Consider your current physical condition and adjust your effort accordingly. "Older women and heavier women may have already developed some degenerative changes in their weight-bearing joints, making them more susceptible to injuries," says Jane E. Corboy, MD, a family and community medicine specialist with expertise in women's health and sports injuries at Baylor College of Medicine, Houston. Most people over 40 have some cartilage deterioration in their knees, Dr. Corboy notes. That can cause the cartilage—joint-covering tissue that provides shock absorption and helps bones move—to tear more easily.

Set realistic goals for your physical activities to achieve a balance between promoting good health and limiting injuries.

Chrys Kub, physical therapist, yoga therapist and founder of the YogaFit Yoga Therapy Program in Charlotte, NC, cites "doing too much, too fast, without building up the strength and endurance" you need as being one of the biggest mistakes she sees many women make. "When you are starting a new exercise program that is unfamiliar to you," she says, "find a trainer or instructor to work with you. That will ensure you understand proper form and progression of the exercise."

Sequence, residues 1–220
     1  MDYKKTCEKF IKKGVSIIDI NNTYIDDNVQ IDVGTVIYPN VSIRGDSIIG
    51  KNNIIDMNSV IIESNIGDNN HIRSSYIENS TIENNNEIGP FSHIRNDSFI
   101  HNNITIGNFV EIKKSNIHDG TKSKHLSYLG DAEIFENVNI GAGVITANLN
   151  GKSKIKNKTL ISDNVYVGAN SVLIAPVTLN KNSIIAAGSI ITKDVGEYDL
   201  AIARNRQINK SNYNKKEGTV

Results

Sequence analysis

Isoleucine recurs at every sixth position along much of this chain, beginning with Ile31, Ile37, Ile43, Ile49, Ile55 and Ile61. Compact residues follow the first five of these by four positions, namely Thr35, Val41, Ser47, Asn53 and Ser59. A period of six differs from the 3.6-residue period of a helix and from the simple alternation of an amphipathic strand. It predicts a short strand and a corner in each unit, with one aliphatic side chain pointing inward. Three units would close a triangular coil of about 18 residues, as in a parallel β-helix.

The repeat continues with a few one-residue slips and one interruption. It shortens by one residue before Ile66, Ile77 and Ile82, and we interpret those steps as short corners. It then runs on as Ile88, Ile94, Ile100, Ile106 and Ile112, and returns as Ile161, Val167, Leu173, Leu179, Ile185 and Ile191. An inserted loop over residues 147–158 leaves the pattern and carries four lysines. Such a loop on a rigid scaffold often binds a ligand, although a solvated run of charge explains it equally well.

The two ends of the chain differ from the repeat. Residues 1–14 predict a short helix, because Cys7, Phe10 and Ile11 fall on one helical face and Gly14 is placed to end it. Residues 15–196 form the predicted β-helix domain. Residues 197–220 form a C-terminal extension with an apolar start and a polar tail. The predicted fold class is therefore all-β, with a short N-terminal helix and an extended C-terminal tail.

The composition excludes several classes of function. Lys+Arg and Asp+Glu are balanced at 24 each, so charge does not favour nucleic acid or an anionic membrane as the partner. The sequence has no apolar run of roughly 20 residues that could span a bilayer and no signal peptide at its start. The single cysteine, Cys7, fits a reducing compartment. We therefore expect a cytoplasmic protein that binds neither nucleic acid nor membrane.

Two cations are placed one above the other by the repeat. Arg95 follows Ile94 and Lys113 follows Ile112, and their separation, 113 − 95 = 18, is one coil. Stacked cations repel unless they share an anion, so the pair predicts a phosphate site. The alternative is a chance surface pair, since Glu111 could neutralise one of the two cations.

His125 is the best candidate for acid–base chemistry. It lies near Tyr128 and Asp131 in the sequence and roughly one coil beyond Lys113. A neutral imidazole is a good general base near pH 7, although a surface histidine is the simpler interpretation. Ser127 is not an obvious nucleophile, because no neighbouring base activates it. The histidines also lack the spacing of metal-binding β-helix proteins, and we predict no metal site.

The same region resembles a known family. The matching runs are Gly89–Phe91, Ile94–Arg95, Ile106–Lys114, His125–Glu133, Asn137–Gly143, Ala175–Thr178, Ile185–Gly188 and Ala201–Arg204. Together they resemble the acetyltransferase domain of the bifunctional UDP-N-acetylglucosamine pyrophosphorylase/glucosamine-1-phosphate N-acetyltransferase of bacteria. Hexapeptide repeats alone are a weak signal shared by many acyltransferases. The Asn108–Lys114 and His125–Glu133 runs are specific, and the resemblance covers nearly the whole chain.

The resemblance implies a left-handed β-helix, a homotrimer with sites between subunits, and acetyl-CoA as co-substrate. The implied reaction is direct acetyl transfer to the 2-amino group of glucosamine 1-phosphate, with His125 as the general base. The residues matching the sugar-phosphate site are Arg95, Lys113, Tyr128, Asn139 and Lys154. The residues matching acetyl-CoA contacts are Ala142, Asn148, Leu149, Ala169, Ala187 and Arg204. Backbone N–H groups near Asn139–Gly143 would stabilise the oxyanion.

Avoid overuse

Too many of us perform one exercise movement over and over again. This can injure the muscles, joints and bones involved in that activity and lead to tendonitis, shin splints, rotator cuff injuries and pain.

"We see repetitive overuse injuries in someone who's running or doing step aerobics most days of the week and not engaging in any other activity," says Cheryl Sparks, PT, DPT, assistant professor of physical therapy and health science at Bradley University in Peoria, IL. "It's important to vary your routine."

Click here for fun ways to vary your exercise routine.